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When we receive collections, there might be digital files on CDs, thumb drives, hard drives, DVDs, floppy disks, Zip disks, etc. All of these media are fragile and the files on them can become corrupted over time. With these items, we follow another workflow. If there’s a kink in this one, which happens from time to time, then we follow our workflows above.

  1. We use our BitCurator machine to look at the files on the piece of media. This means plugging our floppy disk reader into the computer and placing a floppy disk from the collection in the reader.
  2. If the floppy disk still works, then we create a disk image of the files. Basically, it creates a copy of the files and puts them in a wrapper to protect them for the long term.
  3.  We run reports on the files via BitCurator. These reports are similar to ones run in Scenario 1, but they provide a bit more information.
  4. After that, we make another copy of the files**, and then process them the same way as in Scenario 1 and 2.

**It should be noted that if a floppy disk contains a few Word files that could easily be printed out and added to the physical collection, then we will do that. In that case, from a time perspective, it doesn’t make sense for us to follow digital preservation steps.

We hope all of that makes sense and gives you a better sense of what we do behind the scenes. As with anything digital, over time our workflow will be tweaked and new digital preservation software might come on the scene to make this easier. Digital preservation steps vary institution to institution based on what kinds of software they have and what workflows they have established.

5 thoughts on “Taking Care of Digital Collections

  1. Converting to PDF is not a good idea.

    PDF is a printing format, not a text format. It throws away all structure: columns, paragraphs, sections, even spaces between words. Instead of a space, it moves the cursor a little farther to print the next character. In order to reconstruct the spaces, you need accurate font metrics for the font family and size used to make the document.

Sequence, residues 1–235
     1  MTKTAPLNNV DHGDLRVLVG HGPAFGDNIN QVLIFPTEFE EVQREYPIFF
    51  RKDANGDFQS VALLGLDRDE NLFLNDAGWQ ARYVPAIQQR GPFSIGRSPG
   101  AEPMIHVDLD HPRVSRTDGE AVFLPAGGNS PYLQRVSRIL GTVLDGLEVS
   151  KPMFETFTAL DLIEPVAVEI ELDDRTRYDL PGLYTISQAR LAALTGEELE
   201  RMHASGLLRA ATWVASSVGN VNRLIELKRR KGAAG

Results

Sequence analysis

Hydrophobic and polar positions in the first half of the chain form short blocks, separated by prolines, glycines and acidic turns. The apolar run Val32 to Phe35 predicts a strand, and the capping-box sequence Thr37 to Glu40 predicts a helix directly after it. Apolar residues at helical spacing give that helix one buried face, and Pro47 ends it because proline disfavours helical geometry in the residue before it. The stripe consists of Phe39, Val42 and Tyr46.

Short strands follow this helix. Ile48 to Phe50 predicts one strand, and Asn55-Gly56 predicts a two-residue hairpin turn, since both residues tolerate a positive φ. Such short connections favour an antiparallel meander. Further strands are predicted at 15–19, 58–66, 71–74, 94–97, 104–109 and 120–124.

I spent ten years working on an enterprise search engine. Part of that was parsing several generations of PDF “standards” with at least three different libraries.

    We had two saying about PDF:

    1. Turning PDF into a structured document is like turning hamburger back into a cow.
    2. PDF is where text goes to die.

    I’m glad to discuss this in more detail.

    • We’re aware that there might be some structural changes. The alternative would be to create an emulation environment for various software. We do not have the resources to do that. We’re more concerned with saving the information in the file so that researchers can read it for the foreseeable future.

      PDFs also allow us to embed metadata in the files through Adobe Bridge or exiftool. Here’s more info about this from our Metadata Coordinator, Scott Carlson: http://www.indiepreserves.info/preservation-tips-blog/embedded-boogaloo-pdfs-exiftool

      • I’d love to talk more about this, maybe over e-mail. If archival experts are recommending PDF without reservation, they are wrong. PDF is not a text format. It is a printer command language.

  2. Pingback: KTRU Tuesdays: Digitization Update | What's in Woodson